Joseph Smith

Joseph Smith was born in Sharon, Vermont, on 23rd December, 1805. At the age of 14 Smith had what he described as a intense spiritual revelation of God and Jesus Christ.

On 22nd September, 1827, Smith claimed that an angel, Moroni, had directed him to a collection of engraved golden tablets that had been buried in a hill near Palmyra, New York. Smith argued that a prophet named Mormon had produced the tablets over a thousand years ago. The tablets contained the history of Native Americans and according to Smith these people were the descendants of ancient Hebrews who had arrived in America to spread the word of God.

Smith published the Book of Mormon in 1830. Later that year he founded the Church of Jesus Christ of Latter-day Saints in Fayette, New York. The headquarters of the church was moved to Kirkland, Ohio, in 1831. The Mormons were forced west in order to achieve freedom from persecution. In 1834 Smith and his loyal follower, Brigham Young, went on a Mormon march to Missouri. This became the new headquarters until the Mormons moved to Illinois in 1840 where they established the community of Nanvoo.

By 1843 the Mormons had over 20,000 members. Mormon views on plural marriage created a great deal of local hostility although Smith himself only acknowledged one wife, Emma Hale Smith, who bore him nine children.

When the local newspaper criticised Mormon men for having several wives, Smith ordered some of his followers to destroy its printing press. Smith and his brother, Hyrum Smith, were imprisoned for the crime. On 27th June, 1844, 150 masked men broke into Carthage jail and killed Smith and his brother.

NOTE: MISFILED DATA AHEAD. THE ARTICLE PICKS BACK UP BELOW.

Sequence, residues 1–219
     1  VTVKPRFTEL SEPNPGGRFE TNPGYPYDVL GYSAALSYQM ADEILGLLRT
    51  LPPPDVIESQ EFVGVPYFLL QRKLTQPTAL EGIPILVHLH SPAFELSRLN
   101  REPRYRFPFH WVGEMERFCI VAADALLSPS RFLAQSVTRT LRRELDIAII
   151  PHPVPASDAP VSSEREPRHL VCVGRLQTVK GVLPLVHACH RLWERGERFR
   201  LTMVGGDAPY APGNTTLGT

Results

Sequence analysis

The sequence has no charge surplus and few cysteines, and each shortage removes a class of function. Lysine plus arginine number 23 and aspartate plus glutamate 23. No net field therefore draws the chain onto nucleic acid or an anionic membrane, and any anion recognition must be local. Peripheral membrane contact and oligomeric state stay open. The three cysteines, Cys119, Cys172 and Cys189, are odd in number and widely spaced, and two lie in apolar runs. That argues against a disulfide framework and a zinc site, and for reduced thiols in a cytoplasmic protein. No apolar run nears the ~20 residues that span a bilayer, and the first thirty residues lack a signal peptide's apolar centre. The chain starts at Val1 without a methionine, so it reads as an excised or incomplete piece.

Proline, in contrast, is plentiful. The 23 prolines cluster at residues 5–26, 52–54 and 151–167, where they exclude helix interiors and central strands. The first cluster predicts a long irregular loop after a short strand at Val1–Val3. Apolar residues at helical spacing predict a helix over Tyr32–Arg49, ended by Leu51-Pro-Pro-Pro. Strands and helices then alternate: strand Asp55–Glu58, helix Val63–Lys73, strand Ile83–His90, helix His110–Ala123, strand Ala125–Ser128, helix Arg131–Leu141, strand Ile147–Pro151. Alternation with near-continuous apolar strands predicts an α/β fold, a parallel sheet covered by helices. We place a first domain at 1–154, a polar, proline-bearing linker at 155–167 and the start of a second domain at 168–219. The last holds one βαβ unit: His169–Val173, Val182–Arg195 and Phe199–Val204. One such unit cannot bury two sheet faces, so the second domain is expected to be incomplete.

Primary Sources

(1) Horace Greeley interviewed Brigham Young for the New York Tribune in 1859.

Horace Greeley: What is the position of your church with respect to slavery?

Brigham Young: We consider it of divine institution and not to be abolished until the curse pronounced on Ham shall have been removed from his descendants.

Horace Greeley: Are any slaves now held in this territory?

Brigham Young: There are.

Horace Greeley: Do your territorial laws uphold slavery?

Brigham Young: These laws are printed; you can read for yourself. If slaves are brought here by those who owned them in the states, we do not favor their escape from the service of those owners.

Horace Greeley: How general is polygamy among you?

Brigham Young: I could not say. Some of those present (heads of the church) have each but one wife; others have more; each determines what is is his individual duty.

Horace Greeley: What is the largest number of wives belonging to any one man.

Brigham Young: I have fifteen; I know no one who has more; but some of those sealed to me are old ladies whom I regard rather as mothers than wives, but whom I have taken home to cherish and support.